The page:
These weren't just angry words. In fact, a southern secret society was planning to assassinate Lincoln before he could take the oath of office. For two years, we've been researching this plot for our book, "The Lincoln Conspiracy." Lincoln had earlier shrugged off most of his death threats, but during his inaugural rail journey from Illinois to Washington, DC, he learned that a pro-slavery group in Baltimore planned to kill him on his way to the capital.

Lincoln ultimately evaded the assassins in Baltimore and arrived safely in Washington, DC. But even then, the press roasted him, The Charleston Mercury calling him "cowardly and undignified" for running from his own killers.

Several days later, with national tension at an all-time high, Lincoln delivered his first inaugural address. By then, he had firsthand experience of the anger and division in the country. He'd been demonized and insulted. He'd received death threats and thwarted an assassination plot.

Yet in Lincoln's inaugural speech, he showed no spite. In the face of discord and rage, his speech was a plea for common American purpose. In the last lines, he said: "We are not enemies, but friends. Though passion may have strained it must not break our bonds of affection. The mystic chords of memory, stretching from every battlefield and patriot grave to every living heart and hearthstone all over this broad land, will yet swell the chorus of the Union, when again touched, as surely they will be, by the better angels of our nature."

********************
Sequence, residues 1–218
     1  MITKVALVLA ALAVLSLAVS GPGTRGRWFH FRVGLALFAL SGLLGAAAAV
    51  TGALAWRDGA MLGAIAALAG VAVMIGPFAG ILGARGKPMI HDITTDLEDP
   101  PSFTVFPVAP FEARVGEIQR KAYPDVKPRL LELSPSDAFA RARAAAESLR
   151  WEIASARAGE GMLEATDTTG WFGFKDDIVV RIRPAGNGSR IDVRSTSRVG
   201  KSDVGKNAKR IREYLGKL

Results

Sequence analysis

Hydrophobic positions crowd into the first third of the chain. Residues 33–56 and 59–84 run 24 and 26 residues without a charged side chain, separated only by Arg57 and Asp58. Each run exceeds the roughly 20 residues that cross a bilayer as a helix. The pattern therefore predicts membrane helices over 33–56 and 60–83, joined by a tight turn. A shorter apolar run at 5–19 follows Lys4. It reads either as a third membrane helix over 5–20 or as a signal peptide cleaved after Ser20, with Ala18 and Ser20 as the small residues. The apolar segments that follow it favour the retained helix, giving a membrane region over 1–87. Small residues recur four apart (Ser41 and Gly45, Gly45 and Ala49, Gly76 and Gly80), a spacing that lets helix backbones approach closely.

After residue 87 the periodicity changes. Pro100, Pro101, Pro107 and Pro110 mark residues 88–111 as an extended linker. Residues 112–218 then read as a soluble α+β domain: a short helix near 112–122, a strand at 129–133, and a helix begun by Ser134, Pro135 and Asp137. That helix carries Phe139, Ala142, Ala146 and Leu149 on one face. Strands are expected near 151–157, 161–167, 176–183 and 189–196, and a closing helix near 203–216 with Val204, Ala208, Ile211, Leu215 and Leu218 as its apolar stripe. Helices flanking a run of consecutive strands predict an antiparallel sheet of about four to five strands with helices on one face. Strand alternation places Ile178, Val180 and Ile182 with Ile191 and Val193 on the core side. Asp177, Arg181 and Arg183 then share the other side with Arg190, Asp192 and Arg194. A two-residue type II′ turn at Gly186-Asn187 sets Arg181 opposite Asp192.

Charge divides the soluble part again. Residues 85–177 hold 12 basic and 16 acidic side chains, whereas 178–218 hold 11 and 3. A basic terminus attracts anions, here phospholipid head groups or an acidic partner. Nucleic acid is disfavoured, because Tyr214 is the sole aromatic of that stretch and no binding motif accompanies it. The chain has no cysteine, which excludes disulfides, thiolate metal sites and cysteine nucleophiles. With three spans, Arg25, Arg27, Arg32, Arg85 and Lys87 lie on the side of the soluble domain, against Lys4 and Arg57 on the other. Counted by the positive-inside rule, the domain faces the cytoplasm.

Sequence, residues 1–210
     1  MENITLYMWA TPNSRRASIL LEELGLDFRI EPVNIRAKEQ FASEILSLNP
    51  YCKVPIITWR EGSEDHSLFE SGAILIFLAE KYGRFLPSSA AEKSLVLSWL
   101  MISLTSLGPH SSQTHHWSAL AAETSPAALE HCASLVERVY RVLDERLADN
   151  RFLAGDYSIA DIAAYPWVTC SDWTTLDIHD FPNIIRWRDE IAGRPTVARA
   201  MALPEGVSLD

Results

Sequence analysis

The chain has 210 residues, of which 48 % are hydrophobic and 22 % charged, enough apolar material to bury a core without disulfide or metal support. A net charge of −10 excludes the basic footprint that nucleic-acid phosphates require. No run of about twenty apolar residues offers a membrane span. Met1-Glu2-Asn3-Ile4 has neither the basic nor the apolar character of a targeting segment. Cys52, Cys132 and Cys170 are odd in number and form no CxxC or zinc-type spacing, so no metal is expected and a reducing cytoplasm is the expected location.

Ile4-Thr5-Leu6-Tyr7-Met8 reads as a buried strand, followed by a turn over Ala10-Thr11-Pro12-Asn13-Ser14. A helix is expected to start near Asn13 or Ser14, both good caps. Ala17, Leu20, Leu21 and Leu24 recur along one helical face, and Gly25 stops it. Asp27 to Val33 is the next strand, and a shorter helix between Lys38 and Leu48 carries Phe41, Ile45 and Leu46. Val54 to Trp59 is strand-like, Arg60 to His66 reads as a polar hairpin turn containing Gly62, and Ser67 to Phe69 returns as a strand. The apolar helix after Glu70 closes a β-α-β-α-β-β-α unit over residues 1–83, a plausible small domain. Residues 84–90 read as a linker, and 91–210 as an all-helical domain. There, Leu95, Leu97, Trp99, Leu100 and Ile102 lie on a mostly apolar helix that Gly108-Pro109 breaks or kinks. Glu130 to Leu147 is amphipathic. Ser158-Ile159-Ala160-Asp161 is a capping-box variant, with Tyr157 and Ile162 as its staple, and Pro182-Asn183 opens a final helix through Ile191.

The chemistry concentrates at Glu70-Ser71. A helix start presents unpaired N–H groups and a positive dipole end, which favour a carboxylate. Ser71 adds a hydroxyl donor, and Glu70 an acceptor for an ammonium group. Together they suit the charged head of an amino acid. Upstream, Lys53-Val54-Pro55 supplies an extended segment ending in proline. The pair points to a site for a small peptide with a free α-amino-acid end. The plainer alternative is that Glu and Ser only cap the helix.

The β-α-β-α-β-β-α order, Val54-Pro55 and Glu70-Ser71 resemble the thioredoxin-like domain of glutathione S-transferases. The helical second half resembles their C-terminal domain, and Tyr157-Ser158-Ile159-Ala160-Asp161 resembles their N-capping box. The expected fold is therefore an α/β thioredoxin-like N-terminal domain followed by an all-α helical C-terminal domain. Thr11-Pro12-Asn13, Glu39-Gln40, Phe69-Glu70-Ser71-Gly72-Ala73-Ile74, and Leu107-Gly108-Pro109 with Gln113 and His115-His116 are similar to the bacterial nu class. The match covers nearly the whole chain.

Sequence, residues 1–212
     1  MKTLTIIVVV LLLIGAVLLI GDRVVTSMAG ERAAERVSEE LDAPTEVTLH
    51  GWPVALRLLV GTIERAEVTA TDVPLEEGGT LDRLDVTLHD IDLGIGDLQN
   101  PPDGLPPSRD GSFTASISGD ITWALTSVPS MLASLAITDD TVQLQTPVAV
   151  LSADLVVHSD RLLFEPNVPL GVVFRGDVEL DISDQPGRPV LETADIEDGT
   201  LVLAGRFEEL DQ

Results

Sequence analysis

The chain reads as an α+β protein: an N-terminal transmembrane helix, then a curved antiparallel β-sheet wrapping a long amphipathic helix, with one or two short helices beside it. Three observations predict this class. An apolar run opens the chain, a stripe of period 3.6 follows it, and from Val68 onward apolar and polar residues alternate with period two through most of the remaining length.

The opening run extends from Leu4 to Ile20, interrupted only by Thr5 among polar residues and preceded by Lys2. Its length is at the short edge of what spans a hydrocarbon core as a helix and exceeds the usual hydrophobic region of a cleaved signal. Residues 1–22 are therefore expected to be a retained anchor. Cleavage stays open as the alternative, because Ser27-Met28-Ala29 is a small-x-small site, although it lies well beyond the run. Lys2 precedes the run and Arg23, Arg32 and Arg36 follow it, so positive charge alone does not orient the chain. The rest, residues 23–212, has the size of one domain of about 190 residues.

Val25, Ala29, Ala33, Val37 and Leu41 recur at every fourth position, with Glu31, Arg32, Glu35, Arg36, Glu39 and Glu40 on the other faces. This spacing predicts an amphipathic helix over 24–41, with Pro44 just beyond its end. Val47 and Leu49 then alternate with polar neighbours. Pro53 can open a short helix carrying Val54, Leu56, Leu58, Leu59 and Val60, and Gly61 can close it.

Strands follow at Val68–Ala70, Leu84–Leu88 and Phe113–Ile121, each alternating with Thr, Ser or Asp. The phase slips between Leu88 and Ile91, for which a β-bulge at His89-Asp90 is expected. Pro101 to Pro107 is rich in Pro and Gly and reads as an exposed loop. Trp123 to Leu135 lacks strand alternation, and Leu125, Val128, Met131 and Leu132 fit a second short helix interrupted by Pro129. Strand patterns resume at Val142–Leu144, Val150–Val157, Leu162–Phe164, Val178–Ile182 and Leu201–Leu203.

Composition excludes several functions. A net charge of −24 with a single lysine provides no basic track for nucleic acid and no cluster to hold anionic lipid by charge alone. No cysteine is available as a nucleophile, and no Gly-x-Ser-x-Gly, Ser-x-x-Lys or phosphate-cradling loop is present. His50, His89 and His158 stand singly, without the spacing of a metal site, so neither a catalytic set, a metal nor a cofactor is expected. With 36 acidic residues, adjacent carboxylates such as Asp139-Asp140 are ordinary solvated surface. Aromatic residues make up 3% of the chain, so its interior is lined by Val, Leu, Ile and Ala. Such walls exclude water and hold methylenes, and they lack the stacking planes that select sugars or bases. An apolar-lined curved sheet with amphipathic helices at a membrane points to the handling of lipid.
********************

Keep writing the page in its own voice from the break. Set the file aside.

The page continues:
Those words have echoed through the ages. They also set a tone and vision for Lincoln's presidency -- one that carried him through America's greatest crisis -- despite how anyone in the press treated him.

To be clear, Lincoln's conciliatory tone didn't mean he lacked firm beliefs. As southern states seceded, he faced enormous pressure to compromise on slavery in order to avert war. But on the most important question of whether slavery could spread to new territories joining the Union, Lincoln was inflexible. He had run for president on a platform that slavery must not spread, and he wouldn't budge.

This particular mix of qualities -- humble and gracious, but stubborn on principle -- were an early indication of Lincoln's unique leadership.

In the end, Lincoln would always take the side of hope over hatred. He would always appeal to the best in Americans, not the worst. And he did so without conceding his principles. Amidst the darkness of war, Lincoln overcame enormous opposition and reached for the light. On January 1, 1863, he signed the Emancipation Proclamation: the first monumental step to abolish slavery in America. In so doing, he would make himself a target for assassins once again.

Honesty. Humility. Selflessness. During a time of hatred and rage, Lincoln took the side of the better angels. Under his leadership, America didn't just survive the Civil War -- it became a better nation through the struggle.

Today as we face our own crisis at a time of division -- and with yet another contentious election on the horizon -- Trump should stop comparing his press coverage to Lincoln's, and instead start modeling Lincoln's leadership.